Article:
For years the Naturalist has been on the lookout for the matted ball of green moss perched on a niche of rock beneath a waterfall or pasted to the sheltered side of a boulder in midstream which is the home of the little water ouzel or dipper bird.
The ouzel is one of the most interesting birds of the region and is fairly abundant along all the streams and lakes at timberline and below, but the nest is always placed in such inaccessible places that it is rarely found.
On May 10th, the Naturalist was walking along the Nisqually River above Longmire Springs when he noticed a smooth wall of rock, moss-covered in spots and wet with the spray from the dashing stream just below. It formed the far bank of the river for a hundred yards or more.
That, he thought, is an ideal place for the nest of a water ouzel so he climbed down into the canyon to investigate.
As luck would have it a nest was located almost at the first glance. Time and again he had searched in vain and now he found what he had looked for without any search at all. Moreover that was not all. Fifty yards down the stream was another nest attached to a rock just above the high water mark.
A male ouzel was perched on a water-swept boulder nearby but he paid no attention to the naturalist. Presently, with a wren-like chatter, the mother bird flew down the river close to the crest of the waves. In her mouth was several insects. She perched for an instant on a rock below the nest then fluttered up to the opening on the lower side. Two half-grown birds reached out for the food.
The other nest proved to be deserted. It is likely the last years dwelling of the same pair as the ouzels seem to hold their choice stretches of fast water or favorite cascades year after year.
The Naturalist well remembers his first experience with one of these fascinating little birds. He had been interested in bird study for years and knew by sight all of the common birds of his native state, but that was in the east and he had never even heard of the water ouzel. In fact it would have been hard to believe that such a peculiar bird existed.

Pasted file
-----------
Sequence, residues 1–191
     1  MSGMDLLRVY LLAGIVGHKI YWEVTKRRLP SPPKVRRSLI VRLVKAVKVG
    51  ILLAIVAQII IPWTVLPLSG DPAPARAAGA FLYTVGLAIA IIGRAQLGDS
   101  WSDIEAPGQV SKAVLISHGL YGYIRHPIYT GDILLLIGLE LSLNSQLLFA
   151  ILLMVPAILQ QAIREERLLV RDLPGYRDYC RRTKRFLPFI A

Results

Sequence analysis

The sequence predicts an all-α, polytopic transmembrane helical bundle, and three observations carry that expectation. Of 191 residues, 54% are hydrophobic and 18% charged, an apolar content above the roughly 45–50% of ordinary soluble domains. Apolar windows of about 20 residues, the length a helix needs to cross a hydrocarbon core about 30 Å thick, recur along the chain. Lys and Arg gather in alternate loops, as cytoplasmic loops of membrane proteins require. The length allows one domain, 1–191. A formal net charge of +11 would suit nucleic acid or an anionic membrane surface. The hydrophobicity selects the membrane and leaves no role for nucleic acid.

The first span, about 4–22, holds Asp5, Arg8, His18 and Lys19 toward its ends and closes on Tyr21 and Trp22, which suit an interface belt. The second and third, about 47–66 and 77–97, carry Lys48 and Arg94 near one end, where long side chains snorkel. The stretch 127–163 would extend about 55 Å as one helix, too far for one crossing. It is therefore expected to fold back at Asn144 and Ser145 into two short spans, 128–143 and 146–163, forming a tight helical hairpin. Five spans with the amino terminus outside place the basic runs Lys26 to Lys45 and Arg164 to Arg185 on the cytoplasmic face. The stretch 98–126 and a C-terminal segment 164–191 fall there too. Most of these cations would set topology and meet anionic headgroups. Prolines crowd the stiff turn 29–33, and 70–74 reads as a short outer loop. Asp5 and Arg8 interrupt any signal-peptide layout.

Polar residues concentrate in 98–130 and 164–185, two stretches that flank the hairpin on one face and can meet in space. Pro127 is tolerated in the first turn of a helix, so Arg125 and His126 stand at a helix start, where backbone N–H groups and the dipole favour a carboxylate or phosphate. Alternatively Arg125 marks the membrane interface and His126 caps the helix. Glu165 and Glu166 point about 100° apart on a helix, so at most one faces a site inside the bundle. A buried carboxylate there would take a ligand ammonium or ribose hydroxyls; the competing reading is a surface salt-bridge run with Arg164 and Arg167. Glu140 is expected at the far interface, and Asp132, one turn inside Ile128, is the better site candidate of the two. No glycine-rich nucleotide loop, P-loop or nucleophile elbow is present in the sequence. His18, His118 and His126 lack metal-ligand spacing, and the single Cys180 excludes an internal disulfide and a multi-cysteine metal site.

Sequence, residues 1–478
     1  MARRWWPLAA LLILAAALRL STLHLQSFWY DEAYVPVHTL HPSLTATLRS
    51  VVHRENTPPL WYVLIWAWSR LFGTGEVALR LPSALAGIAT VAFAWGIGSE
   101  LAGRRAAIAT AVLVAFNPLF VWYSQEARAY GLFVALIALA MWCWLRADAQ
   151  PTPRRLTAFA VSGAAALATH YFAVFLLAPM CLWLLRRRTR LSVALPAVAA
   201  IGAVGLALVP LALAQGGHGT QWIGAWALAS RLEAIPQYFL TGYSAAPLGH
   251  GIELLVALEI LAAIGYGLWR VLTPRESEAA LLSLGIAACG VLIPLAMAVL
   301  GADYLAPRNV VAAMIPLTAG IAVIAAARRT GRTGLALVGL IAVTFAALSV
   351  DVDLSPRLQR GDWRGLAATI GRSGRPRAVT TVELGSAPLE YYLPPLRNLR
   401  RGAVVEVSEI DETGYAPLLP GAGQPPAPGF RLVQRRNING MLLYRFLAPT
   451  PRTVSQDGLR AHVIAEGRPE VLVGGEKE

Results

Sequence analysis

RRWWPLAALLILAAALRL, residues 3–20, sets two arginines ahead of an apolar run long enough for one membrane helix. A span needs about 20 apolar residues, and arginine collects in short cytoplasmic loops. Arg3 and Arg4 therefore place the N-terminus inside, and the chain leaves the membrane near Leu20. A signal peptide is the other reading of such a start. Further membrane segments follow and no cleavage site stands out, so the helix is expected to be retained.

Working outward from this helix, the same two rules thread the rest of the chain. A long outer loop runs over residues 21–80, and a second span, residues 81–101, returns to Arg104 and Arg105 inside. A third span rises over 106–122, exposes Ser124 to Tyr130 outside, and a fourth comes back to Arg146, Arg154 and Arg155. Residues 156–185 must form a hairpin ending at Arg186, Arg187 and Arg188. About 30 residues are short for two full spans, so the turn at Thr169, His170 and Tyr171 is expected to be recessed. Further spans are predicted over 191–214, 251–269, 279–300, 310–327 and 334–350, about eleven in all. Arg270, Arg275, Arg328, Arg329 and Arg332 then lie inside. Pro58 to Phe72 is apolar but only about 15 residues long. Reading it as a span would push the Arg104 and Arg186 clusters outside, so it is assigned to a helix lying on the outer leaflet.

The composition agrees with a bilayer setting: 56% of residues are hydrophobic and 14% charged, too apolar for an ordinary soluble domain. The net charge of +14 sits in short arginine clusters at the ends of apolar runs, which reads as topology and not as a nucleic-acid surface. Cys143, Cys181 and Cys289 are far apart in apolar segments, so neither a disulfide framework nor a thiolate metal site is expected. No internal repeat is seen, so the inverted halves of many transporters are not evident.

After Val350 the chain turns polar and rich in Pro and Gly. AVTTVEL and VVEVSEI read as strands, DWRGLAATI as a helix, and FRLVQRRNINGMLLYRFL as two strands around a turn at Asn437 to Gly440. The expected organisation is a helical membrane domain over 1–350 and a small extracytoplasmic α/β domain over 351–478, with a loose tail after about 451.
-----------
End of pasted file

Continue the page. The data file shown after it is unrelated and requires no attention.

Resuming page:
Then one day while on a trip through the western mountains he noticed a small slate-colored bird that looked and sang like an overgrown wren but acted like a madman. He was perched on a small boulder that stood only a few inches above the rushing waters of the Flathead River in Montana. The strange bird squatted a few times and blinked his eye, then he squatted again and flirted his wings and stub of a tail.
Imagine his surprise when this frail little bird with none of the marks of a water dweller about him dived headfirst into the swift current and was presently seen walking about beneath a foot of clear water pecking here and there among the stones at the bottom like a chicken in a barnyard. The bird hunts entirely in the water but it is not even web-footed. In fact it cannot swim, it literally flies through the water.
Later he found that this is only one of his many peculiarities. The habit of building nests of growing moss beneath water-falls or on the side of spray drenched cliffs, and his love of singing with the noise of dashing water as competition even in mid-winter are two others.
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